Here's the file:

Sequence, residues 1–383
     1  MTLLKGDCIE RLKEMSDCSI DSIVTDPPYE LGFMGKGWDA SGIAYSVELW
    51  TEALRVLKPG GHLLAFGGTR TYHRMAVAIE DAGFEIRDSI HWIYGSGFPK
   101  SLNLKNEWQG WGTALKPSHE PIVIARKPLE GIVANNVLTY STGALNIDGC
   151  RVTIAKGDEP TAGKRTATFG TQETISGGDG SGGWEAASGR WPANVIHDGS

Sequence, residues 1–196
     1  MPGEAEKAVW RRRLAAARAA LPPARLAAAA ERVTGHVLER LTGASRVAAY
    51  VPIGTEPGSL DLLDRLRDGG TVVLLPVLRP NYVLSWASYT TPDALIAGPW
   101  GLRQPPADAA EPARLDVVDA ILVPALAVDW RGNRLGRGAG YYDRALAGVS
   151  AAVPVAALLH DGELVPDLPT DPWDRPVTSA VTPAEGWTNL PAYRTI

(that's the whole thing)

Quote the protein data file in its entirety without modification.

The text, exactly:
Sequence, residues 1–383
     1  MTLLKGDCIE RLKEMSDCSI DSIVTDPPYE LGFMGKGWDA SGIAYSVELW
    51  TEALRVLKPG GHLLAFGGTR TYHRMAVAIE DAGFEIRDSI HWIYGSGFPK
   101  SLNLKNEWQG WGTALKPSHE PIVIARKPLE GIVANNVLTY STGALNIDGC
   151  RVTIAKGDEP TAGKRTATFG TQETISGGDG SGGWEAASGR WPANVIHDGS

Sequence, residues 1–196
     1  MPGEAEKAVW RRRLAAARAA LPPARLAAAA ERVTGHVLER LTGASRVAAY
    51  VPIGTEPGSL DLLDRLRDGG TVVLLPVLRP NYVLSWASYT TPDALIAGPW
   101  GLRQPPADAA EPARLDVVDA ILVPALAVDW RGNRLGRGAG YYDRALAGVS
   151  AAVPVAALLH DGELVPDLPT DPWDRPVTSA VTPAEGWTNL PAYRTI